5 Cardio Exercises to Improve Your Indoor Rowing
The rowing machine is just one of many pieces of cardio kit which are available to you. Knowing which one you should choose and which of the exercise is going to benefit your rowing goals can be a tricky question to answer. Below, I’ve run through a number of different kinds of cardio, how they compare with rowing and some of the things you should be thinking about when choosing your next, sweaty workout that will improve your rowing and overall fitness!
Whilst rowers often supplement their training with running, runners view rowing as a refreshing twist to break up a relentless running training regime and a fun element to getting fit. Whilst getting the basic technique right can be tricky at first – trying not to hit your knees for instance – once grasped, it can be a great way of building up muscle and core integrity that can improve your running ability without risk of causing injury through lifting weights.
Whilst one of the benefits of being a ‘sitting down sport’ is that there is very little risk of impact injuries to muscles and joints that recur in sports such as rugby and hockey, rowing can sometimes lead to inflammation in the lower back muscles; as they can be put under tremendous pressure in racing environments. To prevent these injuries from happening, coaches often supplement training on the ergo with running. Typically, the ratio of effort between rowing and running is normally acknowledged as being 1:1. Meaning that rowers will typically run between 40-120 minutes a workout to mirror training that would be done on the rowing machine.
Both swimming and rowing offer a low-impact, cardio-intensive workout that targets every muscle group in your body. If you’re looking for a workout to nurse a pulled or strained area, swimming offers one of the lowest-impact workouts plus high resistance so you won’t accidentally jerk or jar the injured muscle.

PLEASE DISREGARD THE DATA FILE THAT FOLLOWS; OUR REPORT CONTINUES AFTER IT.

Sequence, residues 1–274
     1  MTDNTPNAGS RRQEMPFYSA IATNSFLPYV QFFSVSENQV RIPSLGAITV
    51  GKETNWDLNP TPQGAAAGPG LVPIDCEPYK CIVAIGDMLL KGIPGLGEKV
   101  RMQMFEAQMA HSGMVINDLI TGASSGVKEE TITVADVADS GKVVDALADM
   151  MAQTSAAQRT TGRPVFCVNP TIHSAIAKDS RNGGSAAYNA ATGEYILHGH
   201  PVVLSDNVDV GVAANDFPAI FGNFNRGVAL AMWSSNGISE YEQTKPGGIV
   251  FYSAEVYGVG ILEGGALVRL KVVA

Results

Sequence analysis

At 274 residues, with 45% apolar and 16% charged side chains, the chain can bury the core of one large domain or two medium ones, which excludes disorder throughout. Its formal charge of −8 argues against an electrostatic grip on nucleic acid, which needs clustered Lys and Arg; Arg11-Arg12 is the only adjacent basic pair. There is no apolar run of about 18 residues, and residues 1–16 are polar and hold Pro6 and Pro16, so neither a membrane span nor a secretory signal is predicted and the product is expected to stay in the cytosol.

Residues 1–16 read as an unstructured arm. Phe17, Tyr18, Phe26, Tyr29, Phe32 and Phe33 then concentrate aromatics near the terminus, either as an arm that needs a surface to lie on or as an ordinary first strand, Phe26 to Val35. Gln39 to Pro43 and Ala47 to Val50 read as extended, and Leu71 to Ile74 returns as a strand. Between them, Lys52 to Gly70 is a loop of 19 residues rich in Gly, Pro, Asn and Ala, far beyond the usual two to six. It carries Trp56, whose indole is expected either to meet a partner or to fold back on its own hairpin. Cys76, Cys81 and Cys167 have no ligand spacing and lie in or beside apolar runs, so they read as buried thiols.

However, where swimming works mostly the arms and legs, rowing impacts almost the entire body—a total of nine muscle groups: quads, hamstrings, glutes, lats, core, shoulders, triceps, back and biceps. You can’t go wrong with either workout, but if saving time and getting an all-around sweat-inducing, calorie-burning, muscle-toning workout is your goal for the day, find a rowing class or rowing machine. And drive, two, three!
Swimming is often substituted as a workout for people recovering from surgery or pulled muscles, and it makes sense once you break down its benefits. It’s one of the lowest-impact workouts on the market. In water, your body is 90 percent buoyant, so moves aren’t as jarring as they would be when practised on land. In addition, water offers resistance, which holds back muscles from making sudden movements—ideal for taking care of strains or building muscular strength and flexibility.
First, there is definitely more of a technique involved with rowing than with the elliptical machine. The elliptical machine can be hard to grasp at first but after a few sessions you easily pick up the knack. It’s essentially running with more resistance and a fixed range of motion – unlike treadmills – working your entire body with more emphasis.
If you look at the people who actually use the rowing machine in the gym then you’ll notice that a lot of them are doing it incorrectly. They’ll violently pull with their back, not pull enough or complete the steps in the wrong order. Learning how to use the rowing machine correctly requires one or two lessons from a certified trainer to teach you how to complete the exercise properly therefore presenting you with a barrier. If you’re shy or simply want to dive in straight away, the rowing machine can be a real obstacle.